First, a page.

Bene. Yea, and a case to put it into. But speak Bene. If signior Leonato be her father, she would you this with a sad brow? or do you play the toutnot have his head on her shoulders, for all Messina, ing jack; to tell us Cupid is a good hare-finder, and as like him as she is.
Vulcan a rare carpenter? Come, in what key shall Beat. I wonder, that you will still be talking, || a man take you, to go in the song? signior Benedick; no body marks
Claud. In mine eye, she is the sweetest lady that Bene. What, my dear lady Disdain! are you get ever I looked on. living?
Bene. I can see yet without spectacles, and I see Beat. Is it possible, disdain should die, while no such matter: there's her cousin, an she were not she hath such meet food to feed it, as signior Bene- || possessed with a fury, exceeds ber as much in dick? Courtesy itself must convert to disdain, if beauty, as the first of May doth the last of Decemyou come in her presence.
ber. But I hope you have no intent to turn husBene. Then is courtesy a turn-coat:-But it is band; have you? certain, I am loved of all ladies, only you excepted: Claud. I would scarce trust myself, though I had and I would I could find in my heart that I had not sworn the contrary, if Hero would be my wife. a hard heart; for, truly, I love none.
Bene. Is it come to this, i'faith? Hath not the Beat. A dear happiness to women; they would world one man, but he will wear his cap with else have been troubled with a pernicious suitor. I suspicion? Shall I never see a bachelor of threethank God, and my cold blood, I amn of your hu- score again ? Go to, i'faith ; an thou wilt needs mour for that; I had rather hear my dog bark at a thrust thy neck into a yoke, wear the print of it, crow, than a man swear he loves me.
and sigh away Sundays. Look, Don Pedro is reBene. God keep your ladyship still in that mind! || turned to seek you. 80 some gentleman or other shall 'scape a predesti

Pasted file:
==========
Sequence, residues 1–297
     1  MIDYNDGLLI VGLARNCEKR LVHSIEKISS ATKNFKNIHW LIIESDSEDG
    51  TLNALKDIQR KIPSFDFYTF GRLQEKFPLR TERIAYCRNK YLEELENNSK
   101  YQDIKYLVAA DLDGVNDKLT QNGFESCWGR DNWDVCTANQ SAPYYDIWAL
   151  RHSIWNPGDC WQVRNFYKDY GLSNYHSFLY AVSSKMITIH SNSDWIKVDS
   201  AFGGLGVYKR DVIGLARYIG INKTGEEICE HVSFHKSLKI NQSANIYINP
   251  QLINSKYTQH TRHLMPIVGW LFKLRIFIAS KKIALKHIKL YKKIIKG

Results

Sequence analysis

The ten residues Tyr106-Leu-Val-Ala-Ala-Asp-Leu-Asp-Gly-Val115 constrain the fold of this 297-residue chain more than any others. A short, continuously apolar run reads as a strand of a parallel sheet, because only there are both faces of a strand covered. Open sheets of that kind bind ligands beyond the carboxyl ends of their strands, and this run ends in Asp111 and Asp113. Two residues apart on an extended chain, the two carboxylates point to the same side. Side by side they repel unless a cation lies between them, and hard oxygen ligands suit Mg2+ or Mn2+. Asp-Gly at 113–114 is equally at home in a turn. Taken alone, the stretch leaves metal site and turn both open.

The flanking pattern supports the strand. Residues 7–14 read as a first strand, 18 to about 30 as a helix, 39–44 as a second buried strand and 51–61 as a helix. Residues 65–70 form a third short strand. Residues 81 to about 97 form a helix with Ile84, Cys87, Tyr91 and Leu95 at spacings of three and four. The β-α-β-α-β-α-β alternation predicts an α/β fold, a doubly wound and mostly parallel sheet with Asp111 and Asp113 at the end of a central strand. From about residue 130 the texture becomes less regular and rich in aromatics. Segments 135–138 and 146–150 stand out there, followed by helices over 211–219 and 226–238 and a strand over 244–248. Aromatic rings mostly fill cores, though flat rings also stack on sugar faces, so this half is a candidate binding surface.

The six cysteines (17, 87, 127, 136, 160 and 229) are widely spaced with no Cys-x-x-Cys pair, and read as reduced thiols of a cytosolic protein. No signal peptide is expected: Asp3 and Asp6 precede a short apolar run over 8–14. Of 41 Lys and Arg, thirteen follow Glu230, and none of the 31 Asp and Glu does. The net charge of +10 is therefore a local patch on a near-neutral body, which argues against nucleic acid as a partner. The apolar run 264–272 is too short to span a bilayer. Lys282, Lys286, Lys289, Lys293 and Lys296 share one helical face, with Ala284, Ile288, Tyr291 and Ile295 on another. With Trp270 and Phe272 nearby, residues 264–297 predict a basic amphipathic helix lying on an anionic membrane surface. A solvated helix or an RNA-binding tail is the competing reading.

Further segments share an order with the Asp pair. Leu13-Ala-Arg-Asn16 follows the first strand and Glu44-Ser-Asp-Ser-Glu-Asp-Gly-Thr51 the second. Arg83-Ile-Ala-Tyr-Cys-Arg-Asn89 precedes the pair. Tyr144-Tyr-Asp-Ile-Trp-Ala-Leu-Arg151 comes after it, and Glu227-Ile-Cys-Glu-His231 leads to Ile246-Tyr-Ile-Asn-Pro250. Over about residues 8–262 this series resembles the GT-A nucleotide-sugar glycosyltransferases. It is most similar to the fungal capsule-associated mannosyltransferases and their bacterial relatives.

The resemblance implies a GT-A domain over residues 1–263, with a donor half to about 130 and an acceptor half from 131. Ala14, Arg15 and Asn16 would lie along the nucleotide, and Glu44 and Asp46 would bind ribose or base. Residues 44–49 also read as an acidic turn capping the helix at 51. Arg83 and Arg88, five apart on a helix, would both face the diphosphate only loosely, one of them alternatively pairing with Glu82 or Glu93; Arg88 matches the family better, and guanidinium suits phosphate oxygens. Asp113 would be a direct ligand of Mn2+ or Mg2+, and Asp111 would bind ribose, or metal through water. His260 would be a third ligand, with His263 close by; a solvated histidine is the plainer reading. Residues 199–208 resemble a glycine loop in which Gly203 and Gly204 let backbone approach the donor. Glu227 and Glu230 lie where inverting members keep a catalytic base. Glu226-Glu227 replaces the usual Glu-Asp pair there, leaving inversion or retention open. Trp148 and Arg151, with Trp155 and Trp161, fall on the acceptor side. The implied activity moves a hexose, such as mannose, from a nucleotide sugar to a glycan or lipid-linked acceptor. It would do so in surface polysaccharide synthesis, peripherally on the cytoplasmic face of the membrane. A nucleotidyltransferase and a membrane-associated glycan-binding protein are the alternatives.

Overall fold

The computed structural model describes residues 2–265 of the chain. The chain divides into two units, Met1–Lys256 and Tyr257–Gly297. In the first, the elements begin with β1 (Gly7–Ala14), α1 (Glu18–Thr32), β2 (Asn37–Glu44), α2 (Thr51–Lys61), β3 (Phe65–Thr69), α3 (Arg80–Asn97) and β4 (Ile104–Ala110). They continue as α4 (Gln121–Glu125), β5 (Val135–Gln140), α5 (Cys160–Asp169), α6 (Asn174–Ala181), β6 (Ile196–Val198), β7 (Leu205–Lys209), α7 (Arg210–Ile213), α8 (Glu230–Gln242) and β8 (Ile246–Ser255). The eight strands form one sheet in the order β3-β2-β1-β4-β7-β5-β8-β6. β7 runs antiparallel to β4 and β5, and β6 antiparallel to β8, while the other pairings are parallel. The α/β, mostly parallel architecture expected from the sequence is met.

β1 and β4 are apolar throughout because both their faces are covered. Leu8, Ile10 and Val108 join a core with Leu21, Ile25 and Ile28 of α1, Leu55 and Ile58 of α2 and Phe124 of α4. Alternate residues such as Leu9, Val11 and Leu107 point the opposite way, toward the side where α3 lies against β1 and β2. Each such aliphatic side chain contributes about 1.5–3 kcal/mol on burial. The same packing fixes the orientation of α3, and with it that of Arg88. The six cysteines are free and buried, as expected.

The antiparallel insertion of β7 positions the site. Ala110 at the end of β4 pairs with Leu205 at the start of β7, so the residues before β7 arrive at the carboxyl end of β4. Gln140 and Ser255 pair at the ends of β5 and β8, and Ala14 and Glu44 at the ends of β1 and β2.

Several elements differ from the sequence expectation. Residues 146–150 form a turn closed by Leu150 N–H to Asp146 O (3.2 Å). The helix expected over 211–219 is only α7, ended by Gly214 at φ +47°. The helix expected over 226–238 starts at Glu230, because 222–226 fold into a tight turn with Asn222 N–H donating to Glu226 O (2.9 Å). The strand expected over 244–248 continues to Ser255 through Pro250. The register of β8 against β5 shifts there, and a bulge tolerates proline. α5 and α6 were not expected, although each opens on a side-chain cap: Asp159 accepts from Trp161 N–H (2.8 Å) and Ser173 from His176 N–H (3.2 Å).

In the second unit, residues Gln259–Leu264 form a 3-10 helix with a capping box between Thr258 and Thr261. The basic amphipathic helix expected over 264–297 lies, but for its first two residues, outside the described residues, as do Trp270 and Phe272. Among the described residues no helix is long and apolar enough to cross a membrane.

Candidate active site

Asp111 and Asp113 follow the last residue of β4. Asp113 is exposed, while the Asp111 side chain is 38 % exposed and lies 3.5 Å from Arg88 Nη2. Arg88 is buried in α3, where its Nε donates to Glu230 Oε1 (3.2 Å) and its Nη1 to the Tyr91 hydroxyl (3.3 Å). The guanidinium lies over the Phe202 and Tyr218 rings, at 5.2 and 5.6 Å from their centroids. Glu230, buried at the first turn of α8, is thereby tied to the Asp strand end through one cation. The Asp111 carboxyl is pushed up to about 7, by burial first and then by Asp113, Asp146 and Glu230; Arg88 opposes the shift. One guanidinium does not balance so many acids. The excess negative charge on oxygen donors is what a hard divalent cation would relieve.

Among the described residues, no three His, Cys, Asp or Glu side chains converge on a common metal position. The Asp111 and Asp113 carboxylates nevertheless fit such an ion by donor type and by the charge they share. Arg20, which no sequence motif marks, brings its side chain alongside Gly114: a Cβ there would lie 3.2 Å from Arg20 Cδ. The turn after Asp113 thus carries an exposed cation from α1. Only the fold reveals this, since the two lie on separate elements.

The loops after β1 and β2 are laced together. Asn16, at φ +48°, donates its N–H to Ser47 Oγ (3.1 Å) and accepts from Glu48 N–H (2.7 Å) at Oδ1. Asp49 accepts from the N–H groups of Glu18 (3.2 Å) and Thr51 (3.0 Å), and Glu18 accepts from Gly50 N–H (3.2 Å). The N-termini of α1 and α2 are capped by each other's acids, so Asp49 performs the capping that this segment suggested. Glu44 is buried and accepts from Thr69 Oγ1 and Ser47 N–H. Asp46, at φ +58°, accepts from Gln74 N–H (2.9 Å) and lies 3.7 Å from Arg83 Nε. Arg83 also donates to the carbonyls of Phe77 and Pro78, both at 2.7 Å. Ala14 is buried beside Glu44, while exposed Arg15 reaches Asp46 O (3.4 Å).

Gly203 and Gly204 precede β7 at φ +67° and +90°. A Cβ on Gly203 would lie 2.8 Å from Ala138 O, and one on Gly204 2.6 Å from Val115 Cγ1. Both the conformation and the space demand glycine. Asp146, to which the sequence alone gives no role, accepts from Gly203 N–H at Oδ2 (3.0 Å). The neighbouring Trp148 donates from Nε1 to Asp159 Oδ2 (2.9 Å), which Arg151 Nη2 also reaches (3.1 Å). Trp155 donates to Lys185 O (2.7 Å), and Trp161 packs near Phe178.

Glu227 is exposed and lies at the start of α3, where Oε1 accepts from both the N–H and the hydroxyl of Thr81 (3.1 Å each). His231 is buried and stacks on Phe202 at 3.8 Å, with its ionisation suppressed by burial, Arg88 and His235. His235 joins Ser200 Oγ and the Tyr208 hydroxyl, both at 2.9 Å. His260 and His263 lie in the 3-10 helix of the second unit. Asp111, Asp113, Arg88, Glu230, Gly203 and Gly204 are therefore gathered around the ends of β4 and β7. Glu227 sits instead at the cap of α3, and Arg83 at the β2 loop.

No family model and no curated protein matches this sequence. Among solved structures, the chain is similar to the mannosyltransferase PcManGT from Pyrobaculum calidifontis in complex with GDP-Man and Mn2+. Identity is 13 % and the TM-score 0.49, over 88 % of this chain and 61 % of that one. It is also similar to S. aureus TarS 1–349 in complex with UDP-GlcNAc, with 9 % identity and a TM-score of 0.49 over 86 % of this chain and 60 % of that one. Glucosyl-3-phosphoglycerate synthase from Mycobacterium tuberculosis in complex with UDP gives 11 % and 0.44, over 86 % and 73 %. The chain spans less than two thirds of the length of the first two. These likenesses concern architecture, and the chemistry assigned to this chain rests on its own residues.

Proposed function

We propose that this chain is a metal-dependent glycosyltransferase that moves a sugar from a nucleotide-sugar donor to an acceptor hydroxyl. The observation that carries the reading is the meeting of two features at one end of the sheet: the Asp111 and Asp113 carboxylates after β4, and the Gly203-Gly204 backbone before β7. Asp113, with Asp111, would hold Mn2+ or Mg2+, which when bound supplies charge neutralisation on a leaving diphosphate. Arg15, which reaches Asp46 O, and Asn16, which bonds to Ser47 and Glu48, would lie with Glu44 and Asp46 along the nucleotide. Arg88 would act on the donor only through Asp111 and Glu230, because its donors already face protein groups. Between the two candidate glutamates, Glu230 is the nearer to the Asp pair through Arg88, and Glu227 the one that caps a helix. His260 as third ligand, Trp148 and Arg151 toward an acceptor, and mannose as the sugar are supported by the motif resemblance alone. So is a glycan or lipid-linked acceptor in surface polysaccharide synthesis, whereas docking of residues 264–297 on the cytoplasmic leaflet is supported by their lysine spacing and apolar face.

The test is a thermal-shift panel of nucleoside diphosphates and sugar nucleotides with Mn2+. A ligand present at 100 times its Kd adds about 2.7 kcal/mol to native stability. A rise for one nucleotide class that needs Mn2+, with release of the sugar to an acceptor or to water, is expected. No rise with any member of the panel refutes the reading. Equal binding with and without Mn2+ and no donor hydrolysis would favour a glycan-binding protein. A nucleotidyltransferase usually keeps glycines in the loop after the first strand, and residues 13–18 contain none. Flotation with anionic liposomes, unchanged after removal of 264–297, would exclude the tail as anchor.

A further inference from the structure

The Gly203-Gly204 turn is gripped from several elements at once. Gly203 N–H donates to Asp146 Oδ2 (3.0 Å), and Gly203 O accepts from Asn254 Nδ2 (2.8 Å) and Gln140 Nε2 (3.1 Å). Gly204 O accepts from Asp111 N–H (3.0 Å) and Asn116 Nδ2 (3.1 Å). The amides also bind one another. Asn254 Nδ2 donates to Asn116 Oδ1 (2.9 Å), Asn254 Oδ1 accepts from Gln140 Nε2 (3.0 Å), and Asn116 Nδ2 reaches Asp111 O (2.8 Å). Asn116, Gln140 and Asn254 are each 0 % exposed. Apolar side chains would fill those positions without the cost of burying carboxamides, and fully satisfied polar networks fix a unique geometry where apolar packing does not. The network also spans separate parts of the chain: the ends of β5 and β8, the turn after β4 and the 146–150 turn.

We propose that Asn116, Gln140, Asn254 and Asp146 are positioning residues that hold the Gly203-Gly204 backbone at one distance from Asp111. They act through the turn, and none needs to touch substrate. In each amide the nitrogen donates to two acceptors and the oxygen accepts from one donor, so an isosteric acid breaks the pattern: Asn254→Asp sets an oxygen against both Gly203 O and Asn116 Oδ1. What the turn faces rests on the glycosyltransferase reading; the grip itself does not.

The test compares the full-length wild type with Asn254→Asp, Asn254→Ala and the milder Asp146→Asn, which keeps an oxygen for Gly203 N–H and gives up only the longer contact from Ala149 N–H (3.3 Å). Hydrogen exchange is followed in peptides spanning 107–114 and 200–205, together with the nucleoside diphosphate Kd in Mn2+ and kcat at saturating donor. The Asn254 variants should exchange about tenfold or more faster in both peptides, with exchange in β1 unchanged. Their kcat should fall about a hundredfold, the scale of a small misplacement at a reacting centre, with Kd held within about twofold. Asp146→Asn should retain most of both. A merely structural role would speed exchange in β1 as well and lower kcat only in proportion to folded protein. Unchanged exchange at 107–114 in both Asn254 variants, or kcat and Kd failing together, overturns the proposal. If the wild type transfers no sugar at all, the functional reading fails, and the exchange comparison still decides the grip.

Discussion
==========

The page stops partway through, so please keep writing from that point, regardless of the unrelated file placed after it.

Re-enter Don Pedro. nate scratched face.
Beat. Scratching could not make it worse, an D. Pedro. What secret hath held you here, that 'twere such a face as yours were.
you followed not to Leonato's ? Bene. Well, you are a rare parrot-teacher. Bene. I would, your grace would constrain . Beat. A bird of my tongue, is better than a beast to tell. of yours.
D. Pedro. I charge thee on thy allegiance. Bene. I would my horse had the speed of your Bene. You hear, count Claudio: I can be ser et tongue; and so good a continuer : But keep your as a dumb man, I would have you think so; bu un way o'God's name; I have done.
my allegiance,-mark you this, on my allegiance:Beat. You always end with a jade's trick; I know He is in love. With who?—now that is your grace's
part.--Mark, how short his answer is :-With Hero, D. Pedro. This is the sum of all: Leonato,-|Leonato's short daughter. signior Claudio, and signior Benedick, --my dear Claud. If this were so, so were it uttered. friend Leonato, hath invited you all. I tell him, we Bene. Like the old tale, my lord: it is not so, nor sball stay here at the least a month; and be 'twas not so ; but, indeed, God forbid it should be so,
Claud. If my passion change not shortly, God (1) Quarrelsome fellow. (2) Trust. sorbid it should be otherwise.
you of old.